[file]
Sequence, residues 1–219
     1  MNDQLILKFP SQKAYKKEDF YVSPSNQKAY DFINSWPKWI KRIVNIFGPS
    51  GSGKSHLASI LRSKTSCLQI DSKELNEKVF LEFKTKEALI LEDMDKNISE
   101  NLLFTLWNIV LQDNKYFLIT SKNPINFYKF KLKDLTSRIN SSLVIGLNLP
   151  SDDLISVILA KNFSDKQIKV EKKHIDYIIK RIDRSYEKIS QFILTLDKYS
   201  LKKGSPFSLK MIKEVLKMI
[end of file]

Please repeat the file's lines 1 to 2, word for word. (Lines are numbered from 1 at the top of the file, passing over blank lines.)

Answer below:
Sequence, residues 1–219
     1  MNDQLILKFP SQKAYKKEDF YVSPSNQKAY DFINSWPKWI KRIVNIFGPS